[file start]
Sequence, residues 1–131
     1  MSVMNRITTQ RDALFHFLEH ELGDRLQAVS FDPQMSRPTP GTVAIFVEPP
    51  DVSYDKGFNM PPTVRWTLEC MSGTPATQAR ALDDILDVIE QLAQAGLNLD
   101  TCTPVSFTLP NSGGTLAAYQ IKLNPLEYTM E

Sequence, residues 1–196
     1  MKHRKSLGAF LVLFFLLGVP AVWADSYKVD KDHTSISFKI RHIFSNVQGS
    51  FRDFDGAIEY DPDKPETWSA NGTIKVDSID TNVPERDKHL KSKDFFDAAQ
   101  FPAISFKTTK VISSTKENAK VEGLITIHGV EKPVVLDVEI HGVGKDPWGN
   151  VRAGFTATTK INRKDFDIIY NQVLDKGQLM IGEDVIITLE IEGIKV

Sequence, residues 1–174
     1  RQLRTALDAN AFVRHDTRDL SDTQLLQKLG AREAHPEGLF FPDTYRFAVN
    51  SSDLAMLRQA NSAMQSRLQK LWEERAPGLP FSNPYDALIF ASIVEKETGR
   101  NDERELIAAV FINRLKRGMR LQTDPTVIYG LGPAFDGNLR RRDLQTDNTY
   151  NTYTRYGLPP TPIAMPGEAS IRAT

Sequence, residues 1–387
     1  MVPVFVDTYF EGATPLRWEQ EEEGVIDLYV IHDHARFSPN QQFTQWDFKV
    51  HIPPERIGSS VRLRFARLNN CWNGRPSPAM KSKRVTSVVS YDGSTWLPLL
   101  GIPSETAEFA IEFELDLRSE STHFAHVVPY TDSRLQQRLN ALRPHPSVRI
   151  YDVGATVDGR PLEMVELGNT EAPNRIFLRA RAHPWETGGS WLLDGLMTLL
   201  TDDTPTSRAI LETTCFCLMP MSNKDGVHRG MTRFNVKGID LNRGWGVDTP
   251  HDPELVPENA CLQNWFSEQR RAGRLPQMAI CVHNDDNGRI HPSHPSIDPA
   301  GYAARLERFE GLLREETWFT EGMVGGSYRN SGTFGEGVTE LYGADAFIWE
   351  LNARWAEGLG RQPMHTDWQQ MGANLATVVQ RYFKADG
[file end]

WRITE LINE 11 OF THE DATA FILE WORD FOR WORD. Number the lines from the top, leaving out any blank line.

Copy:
     1  RQLRTALDAN AFVRHDTRDL SDTQLLQKLG AREAHPEGLF FPDTYRFAVN